This last November, I ran for re-election to BART for a third term and despite my well publicized position of opposing BART Extensions unless well warranted, charging for parking, and on better land use integration and development with minimal parking, I was pleasantly surprised, where I received the highest vote of 5 BART Board races. Also, I spent less than a penny a vote, the least of all successful candidates. This large vote gives me confidence to publicly oppose this San Jose BART Project despite its large appeal.

Stuttgart, Germany, a Comprehensive Planned City with good Transit

Stuttgart, a city of 550,000, where I visited May, 2000, developed a well thought out long-range transit plan with public input. The city spent a little more than $1 Billion over the last 10-12 years, and now has a 10 light rail transit (LRT) network serving their city. This network provides high quality accessible transit from most areas of the city. Most of these lines approach the city-center unimpeded as subways. They provide excellent speedy transit access to the heart of their city similar to a metro system. There are about 6 subway stations and with several lines converging and have in-town frequency of 3-5 minute service, like most metro systems. Santa Clara County with San Jose as the largest city in the Bay Region as its nucleus with comprehensive planning and commitment could develop a multi-modal transit network as effective as Stuttgart, Germany.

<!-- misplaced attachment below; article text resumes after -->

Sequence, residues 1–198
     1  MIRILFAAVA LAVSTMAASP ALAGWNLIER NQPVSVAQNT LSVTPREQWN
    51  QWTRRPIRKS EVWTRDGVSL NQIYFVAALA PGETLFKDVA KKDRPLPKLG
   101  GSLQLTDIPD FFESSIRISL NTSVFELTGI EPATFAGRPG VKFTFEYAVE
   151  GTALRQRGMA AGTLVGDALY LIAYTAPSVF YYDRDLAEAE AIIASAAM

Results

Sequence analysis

Stuttgart also provides an extensive integrated bus network serving some of the outlying hilly areas as well as one cog rail line. Several commuter rail lines are being considered for integration into their LRT network similar to what a neighboring city Karlsruhe has done.

Currently the commuter rail and intercity rail serving numerous outlying cities and countries are combined into a large integrated terminal, which has immediate connection to their LRT subway system. Since this Commuter/Intercity station access into Stuttgart is a time-consuming in/back-out terminal operation, they have plans to reconfigure the station to a pass-through operation.